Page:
One of the two earliest pieces here, “In a Strange Land” (1882-5), in fact, could be used as a caricature of the contemporary western racist opening a door to foreigners and feeding them well while insulting them at the table – a little portrait of hell. Some of the shortest pieces – e.g., “The Huntsman” – remind one of Chekhov’s wonderful definition of very short fiction as reading which “feels rather like swallowing a glass of vodka.”

Others of the stories haunt by virtue of their unsentimental depiction of human suffering (“Misery,” 1886), the portrayal of the power of human passion suppressed (“The Witch,” 1886), dramatizations of solipsistic foolishness (“From the Diary of a Violent-Tempered Man” and “The Kiss,” both 1887).

While each story in this assembly is powerful and memorable, the two I found most haunting Dr Chekhov wrote later in his too short life – “Gusev” (1890) and “The Murder” (1895). “The Murder,” in a mere 40 pages (of large, eye-friendly type) achieves what most novelists would require two or three hundred pages even to begin to approach, the creation of a world both strange and familiar, at once real and surreal, and cause of great wonder. “Gusev,” for its part, does something I don’t believe I have ever seen done in language, at least not like that – a haunting, hallucinatory piece which portrays the grittiest of realism, but then...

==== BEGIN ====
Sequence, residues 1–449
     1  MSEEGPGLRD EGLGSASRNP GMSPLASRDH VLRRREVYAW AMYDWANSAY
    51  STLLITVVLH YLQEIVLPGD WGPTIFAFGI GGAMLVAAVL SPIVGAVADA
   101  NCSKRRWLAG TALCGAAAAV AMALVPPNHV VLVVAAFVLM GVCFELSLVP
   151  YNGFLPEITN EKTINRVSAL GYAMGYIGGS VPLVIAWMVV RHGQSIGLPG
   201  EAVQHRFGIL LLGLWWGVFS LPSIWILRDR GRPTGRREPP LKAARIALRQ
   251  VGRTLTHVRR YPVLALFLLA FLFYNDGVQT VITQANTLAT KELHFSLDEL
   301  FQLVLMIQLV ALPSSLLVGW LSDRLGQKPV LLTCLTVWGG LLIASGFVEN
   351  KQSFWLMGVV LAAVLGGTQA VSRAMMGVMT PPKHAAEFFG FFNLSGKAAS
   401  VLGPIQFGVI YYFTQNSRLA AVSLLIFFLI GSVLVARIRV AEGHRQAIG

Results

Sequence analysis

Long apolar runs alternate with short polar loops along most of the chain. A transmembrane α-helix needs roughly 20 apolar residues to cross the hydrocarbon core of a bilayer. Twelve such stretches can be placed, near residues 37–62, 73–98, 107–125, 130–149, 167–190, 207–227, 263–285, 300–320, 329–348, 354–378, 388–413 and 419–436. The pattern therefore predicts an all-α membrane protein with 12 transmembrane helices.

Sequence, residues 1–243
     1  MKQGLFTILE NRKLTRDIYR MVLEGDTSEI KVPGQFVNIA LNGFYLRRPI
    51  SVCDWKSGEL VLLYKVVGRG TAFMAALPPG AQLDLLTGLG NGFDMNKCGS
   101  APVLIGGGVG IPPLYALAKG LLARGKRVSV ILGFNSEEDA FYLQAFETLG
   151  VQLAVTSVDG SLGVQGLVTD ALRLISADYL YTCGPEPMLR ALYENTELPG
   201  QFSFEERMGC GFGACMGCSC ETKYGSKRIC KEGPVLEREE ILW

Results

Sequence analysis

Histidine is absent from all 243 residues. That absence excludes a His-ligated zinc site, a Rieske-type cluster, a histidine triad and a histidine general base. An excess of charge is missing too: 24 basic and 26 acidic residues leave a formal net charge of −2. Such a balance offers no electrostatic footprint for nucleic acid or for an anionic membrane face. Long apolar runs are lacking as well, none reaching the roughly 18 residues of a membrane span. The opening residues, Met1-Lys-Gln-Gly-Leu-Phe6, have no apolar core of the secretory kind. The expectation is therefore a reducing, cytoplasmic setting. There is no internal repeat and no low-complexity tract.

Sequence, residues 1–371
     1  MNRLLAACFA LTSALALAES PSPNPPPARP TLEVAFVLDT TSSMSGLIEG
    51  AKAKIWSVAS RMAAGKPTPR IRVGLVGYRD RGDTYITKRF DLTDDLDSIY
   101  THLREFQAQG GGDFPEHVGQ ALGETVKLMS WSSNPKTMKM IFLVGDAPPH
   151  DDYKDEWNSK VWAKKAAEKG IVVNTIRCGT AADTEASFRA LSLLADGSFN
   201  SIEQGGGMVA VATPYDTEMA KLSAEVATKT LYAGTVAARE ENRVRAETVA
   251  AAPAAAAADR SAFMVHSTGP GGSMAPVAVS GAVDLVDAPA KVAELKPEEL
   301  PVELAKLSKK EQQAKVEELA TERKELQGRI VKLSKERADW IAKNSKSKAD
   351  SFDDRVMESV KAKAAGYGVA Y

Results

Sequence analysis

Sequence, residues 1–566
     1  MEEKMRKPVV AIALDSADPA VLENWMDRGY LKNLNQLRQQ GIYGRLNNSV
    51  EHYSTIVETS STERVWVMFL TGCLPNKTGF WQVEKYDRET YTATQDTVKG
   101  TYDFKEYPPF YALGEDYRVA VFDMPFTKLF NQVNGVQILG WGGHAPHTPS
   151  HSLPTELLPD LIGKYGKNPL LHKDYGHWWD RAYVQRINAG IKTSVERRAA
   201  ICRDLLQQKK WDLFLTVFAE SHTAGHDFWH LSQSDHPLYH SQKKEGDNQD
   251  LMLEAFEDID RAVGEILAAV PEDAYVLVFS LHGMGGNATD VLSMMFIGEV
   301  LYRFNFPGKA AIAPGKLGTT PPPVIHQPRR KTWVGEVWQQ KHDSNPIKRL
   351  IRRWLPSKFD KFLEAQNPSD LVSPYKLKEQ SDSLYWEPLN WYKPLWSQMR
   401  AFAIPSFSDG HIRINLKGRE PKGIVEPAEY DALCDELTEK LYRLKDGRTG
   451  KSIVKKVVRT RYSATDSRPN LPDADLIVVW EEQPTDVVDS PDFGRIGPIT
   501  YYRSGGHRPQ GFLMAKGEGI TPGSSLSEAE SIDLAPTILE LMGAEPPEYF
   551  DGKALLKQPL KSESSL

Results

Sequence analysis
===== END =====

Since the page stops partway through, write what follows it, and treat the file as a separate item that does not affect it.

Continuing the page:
Another distinguished feature of this collection is that each of its ten stories is introduced by a distinguished practitioner of the art of fiction and/or translation: Pinckney Benedict, Fred Chappell, Christopher Coake, Paul Crenshaw, Dorothy Gambrell, Steve Gillis, Michelle Herman, Jeff Parker, Benjamin Percy and David R. Slavitt. These introductions are by turns playful, esoteric, suggestive, illuminating – one even takes the form of a cartoon complement to the story it introduces. And they can be read before or after the story, as the reader wishes – a couple of the introducers request the readers to come back to the introduction after they have read the stories. Add to these ten introductory pleasures, the excellent, brief, knowledgeable introduction to the book itself by its two editors – Okla Elliott and Kyle Minor – and you have the makings of a literary feast.